Disqualifying Judges: Expanding Washington Law

Disqualifying Judges: Expanding Washington Law

Disqualifying one judge from a case in Washington is a fundamental right. No reasoning is needed. However, a judge may only be disqualified before the judge has made a discretionary ruling or order in the case. The RCW provided (now expanded) slim examples of actions by a judge which are not discretionary ruling or order. In Godfrey v. Ste. Michelle Wine Estates Ltd., 453 P.3d 992 (2019), the Washington Supreme Court analyzes the few examples and adds another for clarification.

Godfrey was a bartender who handled wine bottles. On this occasion, the wine bottle he was handling shattered in his hand. He filed suit for against the winery, Ste. Michelle Wine Estates Ltd. and the bottle manufacturer, Saint-Gobain Containers Inc.

The case was assigned to Judge Johnson, who set the initial case schedule and discovery cutoff deadlines. The case was later assigned to Judge Stolz. Judge Stolz was presented a stipulated and jointly proposed order extending the parties’ deadlines to disclose witnesses. Judge Stola ruled on and entered the order. Two months later, prior to any other rulings, Godfrey filed an affidavit of prejudice and a motion for Judge Stolz’s recusal. Judge Stolz denied the motion. Judge Stolz subsequently presided over the bench trial.

Godfrey appealed the ruling at trial, arguing the trial court erred in rejecting his affidavit of prejudice and motion for recusal. The Court of Appeals agreed with Godfrey and held the trial court erred in rejecting the affidavit of prejudice.

The defendants petitioned for review. The petition was stayed pending a decision on point with the subject matter, which ultimately had this case remanded back to the Court of Appeals. The Court of Appels reached the same conclusion as it did previously.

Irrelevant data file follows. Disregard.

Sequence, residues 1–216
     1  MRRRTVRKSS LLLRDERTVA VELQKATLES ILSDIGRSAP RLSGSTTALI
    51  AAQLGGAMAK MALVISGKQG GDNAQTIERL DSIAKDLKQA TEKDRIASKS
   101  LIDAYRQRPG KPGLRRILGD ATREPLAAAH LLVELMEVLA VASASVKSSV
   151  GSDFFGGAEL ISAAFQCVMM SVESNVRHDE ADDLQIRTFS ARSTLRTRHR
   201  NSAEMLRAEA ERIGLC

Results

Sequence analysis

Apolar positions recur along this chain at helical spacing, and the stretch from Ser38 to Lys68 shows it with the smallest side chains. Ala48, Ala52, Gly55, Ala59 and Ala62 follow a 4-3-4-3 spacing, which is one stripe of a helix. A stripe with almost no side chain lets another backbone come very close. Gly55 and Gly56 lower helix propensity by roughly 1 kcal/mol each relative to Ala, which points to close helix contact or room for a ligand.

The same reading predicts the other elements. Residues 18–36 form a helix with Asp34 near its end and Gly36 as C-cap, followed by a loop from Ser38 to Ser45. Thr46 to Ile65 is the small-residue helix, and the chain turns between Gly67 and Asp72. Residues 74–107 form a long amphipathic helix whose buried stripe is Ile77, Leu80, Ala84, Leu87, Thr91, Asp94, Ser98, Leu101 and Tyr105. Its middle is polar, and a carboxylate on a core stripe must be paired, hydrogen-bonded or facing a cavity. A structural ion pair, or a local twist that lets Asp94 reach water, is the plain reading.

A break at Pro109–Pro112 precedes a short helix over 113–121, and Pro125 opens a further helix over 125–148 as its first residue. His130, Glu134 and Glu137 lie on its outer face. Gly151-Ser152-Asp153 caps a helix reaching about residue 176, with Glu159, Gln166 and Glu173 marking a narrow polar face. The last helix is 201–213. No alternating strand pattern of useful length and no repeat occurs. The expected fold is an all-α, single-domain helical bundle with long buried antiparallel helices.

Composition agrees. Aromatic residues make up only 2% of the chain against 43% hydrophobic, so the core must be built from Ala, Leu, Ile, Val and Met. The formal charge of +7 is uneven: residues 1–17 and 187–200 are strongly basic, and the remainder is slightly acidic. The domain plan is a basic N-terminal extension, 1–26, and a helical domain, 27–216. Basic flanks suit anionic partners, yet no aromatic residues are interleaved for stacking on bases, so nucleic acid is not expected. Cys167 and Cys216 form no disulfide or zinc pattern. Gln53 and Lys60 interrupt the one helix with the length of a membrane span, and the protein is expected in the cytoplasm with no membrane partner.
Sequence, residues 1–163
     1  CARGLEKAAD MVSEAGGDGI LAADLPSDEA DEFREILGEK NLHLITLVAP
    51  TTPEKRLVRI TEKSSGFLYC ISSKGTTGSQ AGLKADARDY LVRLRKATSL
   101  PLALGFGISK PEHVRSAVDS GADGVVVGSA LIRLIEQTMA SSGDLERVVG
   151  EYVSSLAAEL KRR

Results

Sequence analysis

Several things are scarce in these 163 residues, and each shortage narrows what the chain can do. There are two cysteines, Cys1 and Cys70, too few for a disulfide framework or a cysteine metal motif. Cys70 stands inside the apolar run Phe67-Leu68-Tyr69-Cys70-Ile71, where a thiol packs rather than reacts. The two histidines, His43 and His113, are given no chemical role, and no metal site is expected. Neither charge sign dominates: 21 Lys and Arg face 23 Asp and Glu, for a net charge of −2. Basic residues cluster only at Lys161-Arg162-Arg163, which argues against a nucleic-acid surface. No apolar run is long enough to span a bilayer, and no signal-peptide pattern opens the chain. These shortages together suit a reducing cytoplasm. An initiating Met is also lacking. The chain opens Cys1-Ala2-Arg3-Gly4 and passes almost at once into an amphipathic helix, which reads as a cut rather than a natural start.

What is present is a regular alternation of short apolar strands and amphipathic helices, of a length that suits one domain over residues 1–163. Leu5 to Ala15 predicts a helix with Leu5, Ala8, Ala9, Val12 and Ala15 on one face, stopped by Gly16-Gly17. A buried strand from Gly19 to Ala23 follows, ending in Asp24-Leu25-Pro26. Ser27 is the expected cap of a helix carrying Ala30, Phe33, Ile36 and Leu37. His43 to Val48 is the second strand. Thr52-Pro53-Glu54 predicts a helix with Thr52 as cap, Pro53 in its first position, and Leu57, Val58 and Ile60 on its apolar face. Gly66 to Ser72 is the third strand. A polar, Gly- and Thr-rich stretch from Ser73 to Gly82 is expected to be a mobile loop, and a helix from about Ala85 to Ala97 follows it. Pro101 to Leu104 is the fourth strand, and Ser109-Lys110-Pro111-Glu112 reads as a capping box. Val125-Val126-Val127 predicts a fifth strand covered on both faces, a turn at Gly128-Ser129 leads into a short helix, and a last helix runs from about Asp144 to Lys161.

The Washington Supreme Court then granted review on whether an affidavit of prejudice was timely under then Washington law when it was submitted after entry of a stipulated order extending discovery deadlines.

Judicial acts which had been carved out as acceptable prior to an affidavit of prejudice include: arranging the calendar, setting a date for a hearing or trial, issuing an arrest warrant, presiding over criminal preliminary proceedings under CrR 3.2.1, arraigning the accused, fixing bail, and presiding over juvenile detention and release hearings under JuCR 7.3 and 7.4.

The Washington Supreme Court previously held an order granting a joint trial continuance motion was discretionary because the decision to grant or deny such a request required the judge to ‘”consider various factors, such as diligence, materiality, due process, a need for orderly procedure, and the possible impact of the result on trial.” Defendants urged the Court to follow this reasoning.

However, the Court held rulings on pretrial stipulated orders relating to scheduling and deadlines fall within the exception for “the arrangement of the calendar,” making the above analysis moot. Therefore, the entry of the stipulated order did not render Godfrey’s affidavit of prejudice untimely.

The Court’s holding compelled a change in the wording of RCW 4.12.050 to include “ruling on an agreed continuance” as permissible prior to the filing of an affidavit of prejudice. Thus, parties now have greater latitude and, potentially, time in making a proper decision of whether or not to disqualify a judge from the proceedings. Whether this is favorable or not will depend on the subjective desires of each respective party. Proper case analysis and strategy are imperative to keeping the law on your side.

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